Tesla Model 3 (III) All-Electric Vehicle (FUTURE)

Written By: Brittney B.

            most tesla model iii design details and specs are still a mystery

In 2017, Tesla will add a third model to its lineup of zero-emission, all-electric cars. The new Tesla Model 3 (or Model III) will join the Model S, a sporty sedan, and the Model X, an upcoming crossover SUV, but it will mark a huge deviation from their price range. CEO Elon Musk hopes to hit a $35,000 price tag – Tesla's lowest so far – by creating new battery technology and increasing the company's production capacity.


An electric vehicle for the consumer class

Tesla's electric vehicles have been called many things: groundbreaking, eco-friendly, emission-free, sporty. But until now, Musk never released an electric vehicle that was affordable for the average driver. Initially, demand wasn't big enough to produce a high volume of electric vehicles and the batteries needed to fuel them. Now, technology makes it difficult to mass-produce Tesla's innovative batteries without spending a fortune. Luckily, the Model 3 is behind a push for change.

The lightweight Roadster, Tesla's first sustainable sports car, ran on an older battery that was upgraded for the Model S. Now the battery will be upgraded again, in an effort to shrink it down, make it more affordable, and increase the efficiency of the production site. Tesla's engineering chief, Chris Porritt, worked for Aston Martin and is now spearheading the team behind the Model 3's technology.


Changing Tesla's production plan

According to Musk himself, the Model 3 will be 20 percent smaller than the Tesla Model S but 50 percent more affordable. That will make it Tesla's most accessible all-electric vehicle to date, bridging a divide between the luxury brand and the everyday consumer. But a high-volume product is an ambitious move for Tesla, which has grown slowly but steadily and doesn't produce as many cars as its upscale competitors.

In fact, Musk told GQ in fall 2014 that "meeting production demands" was Tesla's biggest ongoing problem. The Model 3 marks a step towards solving it, because it will be the automaker's largest production yet. In order to meet consumer demand for the new model and keep prices low, Tesla must produce a huge volume of newer, smaller lithium ion battery packs. Naturally, Musk decided to start a project in the desert for this very purpose: a new battery cell factory.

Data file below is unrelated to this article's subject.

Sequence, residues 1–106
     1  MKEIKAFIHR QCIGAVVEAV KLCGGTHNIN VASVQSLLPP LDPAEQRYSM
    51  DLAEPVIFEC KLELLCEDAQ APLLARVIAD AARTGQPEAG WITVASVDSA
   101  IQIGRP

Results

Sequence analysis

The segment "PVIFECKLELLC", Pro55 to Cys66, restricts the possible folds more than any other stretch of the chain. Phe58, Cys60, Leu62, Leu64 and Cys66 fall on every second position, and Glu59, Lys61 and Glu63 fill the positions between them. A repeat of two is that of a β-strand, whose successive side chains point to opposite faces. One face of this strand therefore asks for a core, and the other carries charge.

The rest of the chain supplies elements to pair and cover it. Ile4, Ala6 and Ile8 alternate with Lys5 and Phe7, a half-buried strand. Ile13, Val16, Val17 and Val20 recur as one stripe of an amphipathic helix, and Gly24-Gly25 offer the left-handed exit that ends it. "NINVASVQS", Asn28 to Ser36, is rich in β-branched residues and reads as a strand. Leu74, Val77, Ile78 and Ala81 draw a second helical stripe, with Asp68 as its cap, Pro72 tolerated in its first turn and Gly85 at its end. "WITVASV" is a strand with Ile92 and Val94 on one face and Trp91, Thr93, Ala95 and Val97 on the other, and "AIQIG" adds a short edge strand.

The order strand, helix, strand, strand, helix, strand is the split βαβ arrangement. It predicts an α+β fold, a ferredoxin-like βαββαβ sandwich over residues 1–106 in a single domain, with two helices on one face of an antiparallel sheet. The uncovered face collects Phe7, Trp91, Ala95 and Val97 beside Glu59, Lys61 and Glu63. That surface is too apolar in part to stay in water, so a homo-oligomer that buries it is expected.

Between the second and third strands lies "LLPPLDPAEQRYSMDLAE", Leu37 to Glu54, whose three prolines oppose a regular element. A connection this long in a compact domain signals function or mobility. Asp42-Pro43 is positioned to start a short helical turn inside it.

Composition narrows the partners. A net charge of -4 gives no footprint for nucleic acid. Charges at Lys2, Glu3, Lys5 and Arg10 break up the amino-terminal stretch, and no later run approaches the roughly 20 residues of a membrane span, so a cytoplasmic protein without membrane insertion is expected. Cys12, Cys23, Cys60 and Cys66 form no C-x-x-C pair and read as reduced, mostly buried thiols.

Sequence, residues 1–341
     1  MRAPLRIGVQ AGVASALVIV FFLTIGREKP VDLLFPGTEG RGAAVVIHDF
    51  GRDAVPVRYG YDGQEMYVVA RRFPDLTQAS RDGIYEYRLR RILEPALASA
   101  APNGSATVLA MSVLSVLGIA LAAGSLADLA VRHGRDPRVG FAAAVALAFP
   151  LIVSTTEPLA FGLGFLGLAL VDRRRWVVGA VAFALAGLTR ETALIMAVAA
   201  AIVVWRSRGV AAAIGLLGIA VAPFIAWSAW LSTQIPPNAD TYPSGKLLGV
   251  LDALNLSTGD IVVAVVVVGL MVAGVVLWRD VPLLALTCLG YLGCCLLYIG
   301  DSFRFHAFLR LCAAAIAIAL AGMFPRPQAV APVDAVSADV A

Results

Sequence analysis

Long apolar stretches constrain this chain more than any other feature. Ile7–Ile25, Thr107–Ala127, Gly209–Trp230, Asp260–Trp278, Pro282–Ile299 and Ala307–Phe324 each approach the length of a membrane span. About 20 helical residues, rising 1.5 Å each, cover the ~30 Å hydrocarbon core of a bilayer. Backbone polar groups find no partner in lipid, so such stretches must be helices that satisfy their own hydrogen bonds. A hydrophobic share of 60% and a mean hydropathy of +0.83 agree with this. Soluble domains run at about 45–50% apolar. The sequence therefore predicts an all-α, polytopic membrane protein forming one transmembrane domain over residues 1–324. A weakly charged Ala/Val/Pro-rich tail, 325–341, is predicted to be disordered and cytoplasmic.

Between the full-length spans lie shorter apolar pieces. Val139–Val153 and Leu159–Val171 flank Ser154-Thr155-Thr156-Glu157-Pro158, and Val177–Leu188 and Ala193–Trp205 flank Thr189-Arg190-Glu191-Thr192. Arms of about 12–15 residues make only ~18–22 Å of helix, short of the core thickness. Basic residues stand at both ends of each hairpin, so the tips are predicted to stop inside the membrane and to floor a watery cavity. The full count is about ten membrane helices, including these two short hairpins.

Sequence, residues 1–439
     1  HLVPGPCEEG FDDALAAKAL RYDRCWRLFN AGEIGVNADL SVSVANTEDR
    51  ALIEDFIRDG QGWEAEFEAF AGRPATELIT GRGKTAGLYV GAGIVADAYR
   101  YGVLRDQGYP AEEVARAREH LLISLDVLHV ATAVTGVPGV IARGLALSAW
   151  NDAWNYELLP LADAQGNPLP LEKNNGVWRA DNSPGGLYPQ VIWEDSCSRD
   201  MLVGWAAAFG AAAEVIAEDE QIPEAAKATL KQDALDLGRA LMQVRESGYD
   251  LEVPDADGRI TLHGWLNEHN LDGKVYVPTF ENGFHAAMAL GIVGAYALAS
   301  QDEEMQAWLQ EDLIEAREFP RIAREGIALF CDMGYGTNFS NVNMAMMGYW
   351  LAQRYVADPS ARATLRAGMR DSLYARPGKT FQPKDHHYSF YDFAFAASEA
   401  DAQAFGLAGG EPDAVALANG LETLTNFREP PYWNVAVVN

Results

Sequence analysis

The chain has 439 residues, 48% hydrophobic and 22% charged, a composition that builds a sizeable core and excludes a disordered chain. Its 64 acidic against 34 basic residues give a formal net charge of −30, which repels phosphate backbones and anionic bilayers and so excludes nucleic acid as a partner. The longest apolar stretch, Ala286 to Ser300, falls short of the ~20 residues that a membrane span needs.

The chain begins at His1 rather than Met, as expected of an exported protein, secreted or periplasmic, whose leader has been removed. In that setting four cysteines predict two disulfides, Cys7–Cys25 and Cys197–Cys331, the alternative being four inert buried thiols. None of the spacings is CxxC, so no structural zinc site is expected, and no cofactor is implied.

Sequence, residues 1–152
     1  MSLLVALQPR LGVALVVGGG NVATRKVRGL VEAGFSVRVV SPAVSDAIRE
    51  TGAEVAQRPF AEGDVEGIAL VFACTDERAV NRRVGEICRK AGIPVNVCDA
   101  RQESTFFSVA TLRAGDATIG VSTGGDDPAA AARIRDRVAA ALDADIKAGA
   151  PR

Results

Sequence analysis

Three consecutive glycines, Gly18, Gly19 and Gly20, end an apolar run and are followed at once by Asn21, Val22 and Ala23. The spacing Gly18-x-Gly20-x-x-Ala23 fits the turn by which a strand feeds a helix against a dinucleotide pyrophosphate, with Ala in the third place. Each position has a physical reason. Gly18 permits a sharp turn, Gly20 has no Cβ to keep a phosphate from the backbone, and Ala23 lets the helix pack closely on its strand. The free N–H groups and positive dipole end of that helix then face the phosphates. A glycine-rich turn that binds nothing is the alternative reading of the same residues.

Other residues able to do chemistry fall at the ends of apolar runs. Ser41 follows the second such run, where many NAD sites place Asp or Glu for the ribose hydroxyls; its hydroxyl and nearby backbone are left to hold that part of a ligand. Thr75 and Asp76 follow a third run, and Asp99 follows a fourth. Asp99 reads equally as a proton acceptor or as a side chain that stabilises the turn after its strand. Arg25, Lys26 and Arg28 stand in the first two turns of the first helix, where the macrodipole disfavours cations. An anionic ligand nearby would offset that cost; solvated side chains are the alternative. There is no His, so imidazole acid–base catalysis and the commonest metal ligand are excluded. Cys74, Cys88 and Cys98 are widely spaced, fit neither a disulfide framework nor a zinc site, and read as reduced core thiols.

Nicknamed the Gigafactory, this manufacturing plant will take up 15 million square feet but leave zero net impact on the environment, thanks to renewable energy. In September 2014, Musk joined Nevada's governor to announce that the plant will be erected outside Reno by 2017, the same year that the Model 3 is projected to arrive.


Continuing Tesla's journey toward progress

Gov. Brian Sandoval explained that the Gigafactory would bring Nevada's economy more than $100 billion over the course of the next two decades. It will have a big impact for Tesla's sales figures, too. By 2020, Tesla promises to produce at least 50 GWh annually at the Gigafactory, enough to power half a million all-electric vehicles per year. For comparison, today's Model S production lines ship less than a tenth of that volume annually.

Tesla's business plan has always been a famously long-term one, but with its Model 3 announcement in the summer of 2014, the automaker proved it's serious about changing the future. By developing technology that makes lithium ion batteries cheaper to manufacture and distribute, Tesla is rewriting the game plan for eco-friendly auto innovation.


Courting controversy from the start

At least one competitor has already taken note of Tesla's upcoming model. When Elon Musk revealed the name of this much-hyped prototype, he joked that he tried to spell a certain acronym with the names of his models (the Model S and Model X already exist, and this one was supposed to be the E). Unfortunately, Jaguar already has an E-type lineup, and competitor Ford actually sued because it veered too close to their Model T naming tradition.

Ford's lawsuit helped the car make headlines years before its first production date, a sure sign that competitors are feeling the heat of its all-electric promise. But Musk wasn't thwarted; as he explained in a video message, he plans to identify the Model 3 by its Roman numerals, resulting in Model S, III, and X. That's close enough for Musk, as long as the car's technology lives up to the hype.